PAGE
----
I just rang in sick to work with food poisoning, and my manager made the comment of “well you’ve had food poisoning before, haven’t you?” I’ve been told by family and friends that he shouldn’t be making any comment like that as it’s apparently a way to try and guilt me into working while ill or alternatively implying I’m not being truthful (which makes me laugh that somebody thinks I’d actually rather be horrendously ill than work). Is this true, or is this just my support circle being full of BS and bias? I know it’s not end of the world if true and I probably couldn’t act on it anyway, I’m just curious as to if management are allowed to make comments about your sickness when you are calling the absence line to notify them that you’re too ill to work.

How long have you been with the company and what do you think you ate that caused it?

NightAndDay

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Re: Sickness policy
« Reply #66 on: 12-11-21, 11:05PM »
I think this is the relevant place, I didn’t want to just make a new topic and flood the forums. Sorry if it isn’t!

I just rang in sick to work with food poisoning, and my manager made the comment of “well you’ve had food poisoning before, haven’t you?” I’ve been told by family and friends that he shouldn’t be making any comment like that as it’s apparently a way to try and guilt me into working while ill or alternatively implying I’m not being truthful (which makes me laugh that somebody thinks I’d actually rather be horrendously ill than work). Is this true, or is this just my support circle being full of BS and bias? I know it’s not end of the world if true and I probably couldn’t act on it anyway, I’m just curious as to if management are allowed to make comments about your sickness when you are calling the absence line to notify them that you’re too ill to work.

How long have you been with the company and what do you think you ate that caused it?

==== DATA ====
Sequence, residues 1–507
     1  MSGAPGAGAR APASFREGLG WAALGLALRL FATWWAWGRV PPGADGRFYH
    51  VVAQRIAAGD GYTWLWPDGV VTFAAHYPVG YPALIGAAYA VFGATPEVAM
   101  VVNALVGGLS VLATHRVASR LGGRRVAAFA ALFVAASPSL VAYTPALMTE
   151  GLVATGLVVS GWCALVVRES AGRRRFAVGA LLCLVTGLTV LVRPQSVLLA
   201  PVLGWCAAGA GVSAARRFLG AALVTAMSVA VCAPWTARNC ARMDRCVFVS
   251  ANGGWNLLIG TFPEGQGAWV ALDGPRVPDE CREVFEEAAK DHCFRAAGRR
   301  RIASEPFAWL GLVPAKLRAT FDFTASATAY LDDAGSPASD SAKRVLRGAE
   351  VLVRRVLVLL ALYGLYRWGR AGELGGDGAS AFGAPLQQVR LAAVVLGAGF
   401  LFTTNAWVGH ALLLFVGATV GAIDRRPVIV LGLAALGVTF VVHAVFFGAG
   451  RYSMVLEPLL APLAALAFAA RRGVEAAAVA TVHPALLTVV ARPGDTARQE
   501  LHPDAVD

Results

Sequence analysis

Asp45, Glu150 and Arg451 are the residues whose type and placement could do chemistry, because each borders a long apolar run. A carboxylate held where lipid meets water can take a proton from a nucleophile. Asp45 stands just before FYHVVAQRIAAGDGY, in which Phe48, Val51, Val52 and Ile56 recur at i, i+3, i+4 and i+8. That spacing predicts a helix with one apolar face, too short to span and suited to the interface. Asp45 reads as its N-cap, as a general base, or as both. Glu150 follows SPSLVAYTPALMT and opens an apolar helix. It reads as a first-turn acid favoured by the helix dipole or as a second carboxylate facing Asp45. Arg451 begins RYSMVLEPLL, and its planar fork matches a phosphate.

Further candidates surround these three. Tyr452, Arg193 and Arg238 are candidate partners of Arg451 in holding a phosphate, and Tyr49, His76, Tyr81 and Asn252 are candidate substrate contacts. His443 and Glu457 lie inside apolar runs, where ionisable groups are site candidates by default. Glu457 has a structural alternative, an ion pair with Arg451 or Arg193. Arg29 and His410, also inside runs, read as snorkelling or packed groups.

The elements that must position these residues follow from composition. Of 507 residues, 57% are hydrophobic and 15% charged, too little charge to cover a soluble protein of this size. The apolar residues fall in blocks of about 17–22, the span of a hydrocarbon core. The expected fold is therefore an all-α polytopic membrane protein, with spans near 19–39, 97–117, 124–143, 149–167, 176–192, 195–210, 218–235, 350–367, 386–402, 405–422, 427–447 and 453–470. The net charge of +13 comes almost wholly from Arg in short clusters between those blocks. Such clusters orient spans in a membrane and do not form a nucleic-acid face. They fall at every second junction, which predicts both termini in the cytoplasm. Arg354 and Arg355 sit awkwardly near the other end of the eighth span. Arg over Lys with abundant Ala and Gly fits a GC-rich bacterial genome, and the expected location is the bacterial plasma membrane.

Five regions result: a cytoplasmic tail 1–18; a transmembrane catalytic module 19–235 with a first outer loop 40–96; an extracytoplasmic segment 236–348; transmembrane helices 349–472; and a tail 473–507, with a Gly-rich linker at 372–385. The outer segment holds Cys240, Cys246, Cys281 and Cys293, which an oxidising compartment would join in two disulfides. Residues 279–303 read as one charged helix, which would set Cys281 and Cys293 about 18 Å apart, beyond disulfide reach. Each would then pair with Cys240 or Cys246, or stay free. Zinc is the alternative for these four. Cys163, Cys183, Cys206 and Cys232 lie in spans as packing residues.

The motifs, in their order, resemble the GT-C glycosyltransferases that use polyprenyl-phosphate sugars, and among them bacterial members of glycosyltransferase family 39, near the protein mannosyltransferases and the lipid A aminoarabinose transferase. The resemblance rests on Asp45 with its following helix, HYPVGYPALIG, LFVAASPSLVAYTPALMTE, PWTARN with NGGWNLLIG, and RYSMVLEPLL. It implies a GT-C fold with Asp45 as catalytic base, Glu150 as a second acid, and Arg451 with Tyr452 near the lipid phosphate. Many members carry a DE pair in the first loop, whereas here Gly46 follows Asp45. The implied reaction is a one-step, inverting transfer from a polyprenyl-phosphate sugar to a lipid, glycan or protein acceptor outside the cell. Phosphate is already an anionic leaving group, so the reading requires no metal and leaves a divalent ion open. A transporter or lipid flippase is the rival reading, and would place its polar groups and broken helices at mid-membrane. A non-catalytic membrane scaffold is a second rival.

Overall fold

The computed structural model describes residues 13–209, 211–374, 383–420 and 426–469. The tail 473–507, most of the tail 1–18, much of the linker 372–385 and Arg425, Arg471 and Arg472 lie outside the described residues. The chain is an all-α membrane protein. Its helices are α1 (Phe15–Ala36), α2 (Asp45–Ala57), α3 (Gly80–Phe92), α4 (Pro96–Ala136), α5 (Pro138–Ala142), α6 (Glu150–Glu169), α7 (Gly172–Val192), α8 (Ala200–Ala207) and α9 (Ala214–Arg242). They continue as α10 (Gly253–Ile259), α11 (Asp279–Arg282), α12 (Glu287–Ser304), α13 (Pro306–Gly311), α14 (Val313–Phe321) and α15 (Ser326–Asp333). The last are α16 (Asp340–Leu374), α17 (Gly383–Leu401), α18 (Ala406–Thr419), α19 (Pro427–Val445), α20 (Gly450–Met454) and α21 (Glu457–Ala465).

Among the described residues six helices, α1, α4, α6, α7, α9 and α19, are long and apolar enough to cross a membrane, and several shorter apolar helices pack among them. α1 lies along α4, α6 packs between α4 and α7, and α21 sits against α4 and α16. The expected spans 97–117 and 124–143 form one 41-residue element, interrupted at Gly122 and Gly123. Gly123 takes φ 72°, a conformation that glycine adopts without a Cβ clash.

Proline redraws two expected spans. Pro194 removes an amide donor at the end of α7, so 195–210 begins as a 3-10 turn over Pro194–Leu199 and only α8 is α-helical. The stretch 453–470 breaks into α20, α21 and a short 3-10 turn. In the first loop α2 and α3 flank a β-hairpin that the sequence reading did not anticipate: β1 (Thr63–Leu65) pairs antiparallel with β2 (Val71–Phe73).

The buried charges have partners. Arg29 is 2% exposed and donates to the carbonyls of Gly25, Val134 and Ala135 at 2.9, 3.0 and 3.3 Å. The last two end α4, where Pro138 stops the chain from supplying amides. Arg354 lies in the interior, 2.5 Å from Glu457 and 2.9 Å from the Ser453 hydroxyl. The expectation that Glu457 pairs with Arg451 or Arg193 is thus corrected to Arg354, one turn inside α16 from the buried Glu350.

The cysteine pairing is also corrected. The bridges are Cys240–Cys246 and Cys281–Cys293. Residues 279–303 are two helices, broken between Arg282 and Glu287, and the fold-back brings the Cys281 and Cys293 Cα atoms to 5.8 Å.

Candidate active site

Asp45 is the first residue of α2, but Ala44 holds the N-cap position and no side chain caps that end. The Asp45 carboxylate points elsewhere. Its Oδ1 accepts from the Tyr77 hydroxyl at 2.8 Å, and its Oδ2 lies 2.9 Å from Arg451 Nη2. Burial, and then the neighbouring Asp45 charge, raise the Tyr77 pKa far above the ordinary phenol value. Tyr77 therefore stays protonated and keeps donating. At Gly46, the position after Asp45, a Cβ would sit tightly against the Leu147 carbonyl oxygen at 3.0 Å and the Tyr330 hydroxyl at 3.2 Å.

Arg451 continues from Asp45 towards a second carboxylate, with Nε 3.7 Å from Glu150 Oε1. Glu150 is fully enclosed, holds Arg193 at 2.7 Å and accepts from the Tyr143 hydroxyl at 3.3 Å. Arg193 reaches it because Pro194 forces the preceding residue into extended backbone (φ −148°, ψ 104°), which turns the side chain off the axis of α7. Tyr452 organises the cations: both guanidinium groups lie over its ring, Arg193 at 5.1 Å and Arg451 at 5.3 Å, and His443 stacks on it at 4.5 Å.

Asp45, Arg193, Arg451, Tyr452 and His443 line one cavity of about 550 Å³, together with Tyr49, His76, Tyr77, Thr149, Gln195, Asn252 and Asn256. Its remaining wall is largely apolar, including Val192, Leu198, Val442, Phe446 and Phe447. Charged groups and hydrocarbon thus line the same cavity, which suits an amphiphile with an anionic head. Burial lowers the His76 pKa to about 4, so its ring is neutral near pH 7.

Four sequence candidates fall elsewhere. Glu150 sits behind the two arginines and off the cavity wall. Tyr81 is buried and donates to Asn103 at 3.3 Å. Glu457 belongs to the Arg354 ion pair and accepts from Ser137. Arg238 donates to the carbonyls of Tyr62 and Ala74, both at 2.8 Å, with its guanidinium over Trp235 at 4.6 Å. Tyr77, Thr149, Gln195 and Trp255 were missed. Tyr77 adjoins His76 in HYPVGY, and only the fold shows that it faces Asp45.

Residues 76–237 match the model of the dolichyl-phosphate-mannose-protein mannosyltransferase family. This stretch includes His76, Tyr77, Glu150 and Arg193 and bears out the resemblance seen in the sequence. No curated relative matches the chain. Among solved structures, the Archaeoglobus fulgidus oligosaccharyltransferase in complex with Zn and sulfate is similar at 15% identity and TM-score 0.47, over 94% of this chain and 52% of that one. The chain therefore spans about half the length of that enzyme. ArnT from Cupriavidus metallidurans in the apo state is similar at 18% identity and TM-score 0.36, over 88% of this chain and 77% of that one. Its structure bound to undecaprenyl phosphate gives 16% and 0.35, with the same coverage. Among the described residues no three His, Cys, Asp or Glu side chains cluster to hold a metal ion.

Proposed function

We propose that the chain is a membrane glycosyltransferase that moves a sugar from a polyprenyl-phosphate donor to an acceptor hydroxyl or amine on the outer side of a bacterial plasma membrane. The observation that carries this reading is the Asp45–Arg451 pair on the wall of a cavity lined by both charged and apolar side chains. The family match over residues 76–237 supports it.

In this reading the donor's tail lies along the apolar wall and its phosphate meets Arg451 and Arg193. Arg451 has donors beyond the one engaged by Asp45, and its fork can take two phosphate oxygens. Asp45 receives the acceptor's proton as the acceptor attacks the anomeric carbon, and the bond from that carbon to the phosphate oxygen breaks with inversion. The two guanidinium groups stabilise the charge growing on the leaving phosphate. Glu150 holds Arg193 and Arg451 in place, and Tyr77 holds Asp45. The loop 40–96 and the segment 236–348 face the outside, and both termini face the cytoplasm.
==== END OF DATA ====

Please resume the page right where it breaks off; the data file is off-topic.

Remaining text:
There's very clear guidelines surrounding baking and cooking food if you had food poisoning. Store Managers are not in a position to give medical evaluations, heck it's not far off the truth that most of them don't have a degree and ended up in the job by languishing on the dole for 15 years and having Frank Gallagheresk  mateyboy mickey mouse relationships with other talentless wonder league SMs to be in the position they're in.

tdlr, the SM doesn't have a medical degree, the GP or Doctor is paid infinitely more to give a professional diagnosis to which a judge will scrutinise silly the SM/PM if it ever came into question.
« Last Edit: 12-11-21, 11:06PM by NightAndDay »

Redshoes

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Re: Sickness policy
« Reply #67 on: 13-11-21, 09:25AM »
In your short experience in the small store format that you left a long time ago I think sweeping statements like this are unhelpful.
I have known loads of managers come up through the ranks. I have also know loads who have joined the company with a degree and straight into a managers role. Those with degrees tend to go on and up through the ranks quickly and become store managers at a young age.
As for the main part of the post. Comments should be relevant and supportive if needed. Someone who has a higher sick record may be challenged a bit more than someone who is never off. As we don’t know the background it is hard to comment other than to say that once you have suffered food poisoning you are more prone to picking it up again, if only for a time.
All colleagues and managers feel frustrations with those who have a high sick level, if not really needed. I’m not saying that this person does have a high record but colleagues complain and bitch about fellow workers with a high sick record. Fellow workers ask why they are off “this time” but it’s personal and private and they have no right in knowing. This causes frustration and those with genuine reasons are mixed in with those that play the system.

RocketRonnie100

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Re: Sickness policy
« Reply #68 on: 13-11-21, 12:54PM »
@nightandday that really made me chuckle.  :D :D :D

NightAndDay

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Re: Sickness policy
« Reply #69 on: 13-11-21, 06:49PM »
In your short experience in the small store format that you left a long time ago I think sweeping statements like this are unhelpful.
I have known loads of managers come up through the ranks. I have also know loads who have joined the company with a degree and straight into a managers role. Those with degrees tend to go on and up through the ranks quickly and become store managers at a young age.